(b) at least one electronic processing module connected to the listening module and controlling a sampling of the signal received.
Images(6)
Previous page
Next page
Claims(4)
What is claimed is:
1. A system for monitoring a plurality of containers using ultrasonic seals integral with said containers and electronic means connected to these seals, wherein:
(A) each seal comprises an ultrasonic transmitting transducer and an ultrasonic receiving transducer making it possible to check both an acoustic identity of a marking and an integrity of the seal,
(B) the electronic means connected to these seals comprise:
(a) at least one cyclic, sequential module for the auscultation or listening to the seals having the same number of outputs and inputs as there are seals, the outputs being connected to the transmitting transducers and the inputs to the receiving transducers,
(b) at least one electronic processing module connected to the listening module and controlling a sampling of the signal received,
wherein the seal listening module comprises:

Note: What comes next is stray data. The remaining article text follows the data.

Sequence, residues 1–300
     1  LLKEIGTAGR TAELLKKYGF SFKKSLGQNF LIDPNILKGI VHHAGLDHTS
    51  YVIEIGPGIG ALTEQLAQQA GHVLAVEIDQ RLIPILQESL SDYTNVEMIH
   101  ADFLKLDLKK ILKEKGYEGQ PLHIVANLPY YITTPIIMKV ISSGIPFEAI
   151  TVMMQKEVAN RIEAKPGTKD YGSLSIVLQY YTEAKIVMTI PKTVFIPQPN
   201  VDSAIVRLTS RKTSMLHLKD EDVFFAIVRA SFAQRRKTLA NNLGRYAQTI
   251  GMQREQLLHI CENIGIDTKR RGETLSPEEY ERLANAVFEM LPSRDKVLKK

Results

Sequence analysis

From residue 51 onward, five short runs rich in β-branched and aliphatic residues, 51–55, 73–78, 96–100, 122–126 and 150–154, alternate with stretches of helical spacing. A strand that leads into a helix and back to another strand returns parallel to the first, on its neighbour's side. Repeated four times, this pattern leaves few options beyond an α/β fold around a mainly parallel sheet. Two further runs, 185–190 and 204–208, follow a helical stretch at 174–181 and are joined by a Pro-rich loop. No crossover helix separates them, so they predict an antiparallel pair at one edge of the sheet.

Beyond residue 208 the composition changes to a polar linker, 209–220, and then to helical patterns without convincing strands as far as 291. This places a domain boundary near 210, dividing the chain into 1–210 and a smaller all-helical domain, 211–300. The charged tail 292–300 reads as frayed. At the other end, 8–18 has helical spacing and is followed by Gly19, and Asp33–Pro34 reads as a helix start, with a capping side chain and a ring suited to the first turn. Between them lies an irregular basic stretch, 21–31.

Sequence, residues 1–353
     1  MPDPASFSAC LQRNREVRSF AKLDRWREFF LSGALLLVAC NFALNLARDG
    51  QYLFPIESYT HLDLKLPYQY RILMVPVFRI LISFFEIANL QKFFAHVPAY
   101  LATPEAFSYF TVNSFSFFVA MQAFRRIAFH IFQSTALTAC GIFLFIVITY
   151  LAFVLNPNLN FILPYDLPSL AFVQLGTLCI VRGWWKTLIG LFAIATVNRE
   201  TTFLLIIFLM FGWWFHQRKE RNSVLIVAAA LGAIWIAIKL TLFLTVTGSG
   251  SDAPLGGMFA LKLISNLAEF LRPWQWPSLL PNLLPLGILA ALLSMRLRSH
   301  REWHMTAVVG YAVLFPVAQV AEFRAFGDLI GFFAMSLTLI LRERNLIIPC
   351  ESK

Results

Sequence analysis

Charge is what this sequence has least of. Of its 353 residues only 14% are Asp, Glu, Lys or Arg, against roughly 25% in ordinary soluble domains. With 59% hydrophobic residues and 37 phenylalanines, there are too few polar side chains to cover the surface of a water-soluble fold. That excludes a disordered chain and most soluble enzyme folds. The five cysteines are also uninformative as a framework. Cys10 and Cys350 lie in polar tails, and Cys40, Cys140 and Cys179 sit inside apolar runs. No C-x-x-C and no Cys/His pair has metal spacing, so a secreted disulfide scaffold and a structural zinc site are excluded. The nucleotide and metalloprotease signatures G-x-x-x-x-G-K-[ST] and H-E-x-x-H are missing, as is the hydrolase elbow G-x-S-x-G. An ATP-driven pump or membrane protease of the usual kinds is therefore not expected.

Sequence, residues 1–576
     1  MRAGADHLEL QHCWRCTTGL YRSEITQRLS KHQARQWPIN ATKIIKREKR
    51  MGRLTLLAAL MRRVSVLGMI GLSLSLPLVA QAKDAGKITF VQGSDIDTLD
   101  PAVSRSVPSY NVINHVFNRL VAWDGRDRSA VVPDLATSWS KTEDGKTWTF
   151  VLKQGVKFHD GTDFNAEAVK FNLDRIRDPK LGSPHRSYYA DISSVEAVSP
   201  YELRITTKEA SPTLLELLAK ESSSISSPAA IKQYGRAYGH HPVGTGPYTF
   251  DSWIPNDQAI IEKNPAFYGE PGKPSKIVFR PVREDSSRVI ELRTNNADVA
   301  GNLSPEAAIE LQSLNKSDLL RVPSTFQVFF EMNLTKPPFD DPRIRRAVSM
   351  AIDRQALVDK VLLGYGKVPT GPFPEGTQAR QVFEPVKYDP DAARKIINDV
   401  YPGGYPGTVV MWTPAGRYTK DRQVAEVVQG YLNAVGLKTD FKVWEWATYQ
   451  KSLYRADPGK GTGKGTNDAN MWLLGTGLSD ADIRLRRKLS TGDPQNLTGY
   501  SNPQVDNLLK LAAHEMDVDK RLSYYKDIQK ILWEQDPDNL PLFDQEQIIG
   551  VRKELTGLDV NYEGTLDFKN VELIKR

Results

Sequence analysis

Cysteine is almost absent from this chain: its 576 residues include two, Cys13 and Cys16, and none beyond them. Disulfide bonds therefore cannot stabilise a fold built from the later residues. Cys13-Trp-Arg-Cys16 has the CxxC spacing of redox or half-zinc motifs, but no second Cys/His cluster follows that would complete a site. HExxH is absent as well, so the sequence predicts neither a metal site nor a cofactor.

a timing circuit having three outputs respectively supplying a timing pulse, a synchronizing pulse and a delayed pulse;
a transmitting circuit having the same number of transmitters as there are seals to be checked, each transmitter being connected to the transmitting transducer of a seal, said circuit having an addressing input connected to an addressing bus from the processing module and carrying an addressing signal and a control input connected to the timing circuit and receiving the synchronizing pulse;
a receiving circuit having the same number of inputs as there are seals to be checked, each input being connected to the receiving transducer of a seal and an output supplying a detected signal;